Like many soul singers, Aretha Franklin found her musical roots set deep in gospel. Her father was the Reverend of a church in Detroit where she and her sisters, Carolyn and Erma, frequently sang. At the age of 14 she made her first recording as a gospel singer. Though the up-and-coming Motown Record label tried to sign Franklin early in her career, she ended up recording her first records with Columbia Records in the 1960s.
Aretha Franklin recorded for Columbia in the first half of the 60s, producing R&B hits like 'Rock-a-by Your Baby With a Dixie Melody', but her early success was moderate compared with what was to come. While signed with Columbia, Franklin could not reach her full potential, as her managers forced her to record more pop-oriented material and put her real passion, soul music, to the side. Soon Franklin left Columbia and signed with Atlantic Records, where producer Jerry Wexler let her true spirit shine. Franklin went with Wexler to Alabama to record her first single for Columbia, 'I Never Loved a Man', with Muscle Shoals Sound Rhythm Section backing up her soulful sound.
With the help of Atlantic records and her newfound freedom, Franklin finally became a superstar. In the late 60s her success spread worldwide, and her soul tunes were reaching pop fans as well as R&B lovers. Franklin became a symbol of black America, reflecting the new confidence and pride of African Americans since the civil rights movement. The power of Franklin's music reached millions worldwide. She produced ten Top Ten hits in an 18-month period. The next five years were a great success. As well as original songs, she recorded gospel, blues, pop, and rock covers of bands like the Beatles, Simon & Garfunkel, Same Cooke, and the Drifters.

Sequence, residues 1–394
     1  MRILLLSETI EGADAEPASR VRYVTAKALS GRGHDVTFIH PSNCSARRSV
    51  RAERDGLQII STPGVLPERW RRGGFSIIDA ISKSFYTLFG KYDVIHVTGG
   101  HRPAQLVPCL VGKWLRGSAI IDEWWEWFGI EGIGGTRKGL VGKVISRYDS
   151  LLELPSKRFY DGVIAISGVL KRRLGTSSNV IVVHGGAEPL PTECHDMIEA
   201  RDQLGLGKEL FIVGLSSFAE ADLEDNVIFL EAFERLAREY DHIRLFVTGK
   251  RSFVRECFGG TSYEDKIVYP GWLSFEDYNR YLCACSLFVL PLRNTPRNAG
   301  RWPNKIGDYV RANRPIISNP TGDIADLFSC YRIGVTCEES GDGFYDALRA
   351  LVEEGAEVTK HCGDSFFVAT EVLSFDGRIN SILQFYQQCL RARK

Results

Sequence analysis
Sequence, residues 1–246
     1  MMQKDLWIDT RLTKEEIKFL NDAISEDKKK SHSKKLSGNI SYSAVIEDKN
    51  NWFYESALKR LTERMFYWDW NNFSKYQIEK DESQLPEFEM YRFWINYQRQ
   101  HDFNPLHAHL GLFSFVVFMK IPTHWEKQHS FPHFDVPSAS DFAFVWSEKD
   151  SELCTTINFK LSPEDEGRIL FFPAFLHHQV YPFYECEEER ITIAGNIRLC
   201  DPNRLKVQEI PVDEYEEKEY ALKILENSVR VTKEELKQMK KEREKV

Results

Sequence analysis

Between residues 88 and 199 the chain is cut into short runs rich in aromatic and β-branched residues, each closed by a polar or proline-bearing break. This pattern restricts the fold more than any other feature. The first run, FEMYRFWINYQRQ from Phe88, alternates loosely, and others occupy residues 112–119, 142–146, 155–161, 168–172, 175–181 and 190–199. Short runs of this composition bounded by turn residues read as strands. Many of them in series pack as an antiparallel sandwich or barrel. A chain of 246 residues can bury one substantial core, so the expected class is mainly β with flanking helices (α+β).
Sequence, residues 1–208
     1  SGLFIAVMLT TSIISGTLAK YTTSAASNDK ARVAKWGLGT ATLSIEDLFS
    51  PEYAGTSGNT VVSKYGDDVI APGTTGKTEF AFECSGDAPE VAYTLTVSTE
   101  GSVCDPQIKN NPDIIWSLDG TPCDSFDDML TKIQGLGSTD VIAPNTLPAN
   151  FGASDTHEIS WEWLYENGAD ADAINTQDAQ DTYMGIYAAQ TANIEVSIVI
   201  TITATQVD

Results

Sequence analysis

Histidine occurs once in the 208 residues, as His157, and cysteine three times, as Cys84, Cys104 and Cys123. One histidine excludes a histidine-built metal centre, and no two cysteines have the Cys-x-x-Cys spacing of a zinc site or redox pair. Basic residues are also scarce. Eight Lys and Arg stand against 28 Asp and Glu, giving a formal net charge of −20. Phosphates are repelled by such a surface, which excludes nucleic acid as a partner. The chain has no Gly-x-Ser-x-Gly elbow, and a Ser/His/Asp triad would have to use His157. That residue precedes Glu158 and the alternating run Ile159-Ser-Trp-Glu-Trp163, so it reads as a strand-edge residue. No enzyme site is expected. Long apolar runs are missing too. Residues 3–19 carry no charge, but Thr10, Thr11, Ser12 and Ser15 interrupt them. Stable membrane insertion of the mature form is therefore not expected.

Franklin was still topping the charts in the 1970s with hits like 'Spanish Harlem', 'Bridge Over Troubled Water', and 'Day Dreaming'. She produced her next two albums, Live at Fillmore West and Amazing Grace, which both charted well. Amazing Grace was heavy with gospel sounds, which she recorded with James Cleveland and the Southern California Community Choir. It made it to the Top Ten'”a difficult feat for a gospel-rich single on the pop charts. Hits like 'Angel' and 'Until You Come Back to Me' (a Stevie Wonder cover) were released over the next few years, but her success seemed to be declining. Her contract with Atlantic records ended in the late 1970s and, seemingly, so did her superstardom.
Throughout the 80s and 90s she released a few more albums, which were greeted with moderate success, but as her recording career dwindled, her performance career was still alive and well. While record sales were going down, ticket sales were going up. Aretha Franklin can get a live audience on their feet and cheering at any venue across the country. Her stage presence and powerful voice have not weakened over the years. Her presence commands respect and her shows demand praise as she wows audiences with contemporary and classic R&B sounds. She remains one of the most respected singers of the genre and her influences are everywhere.
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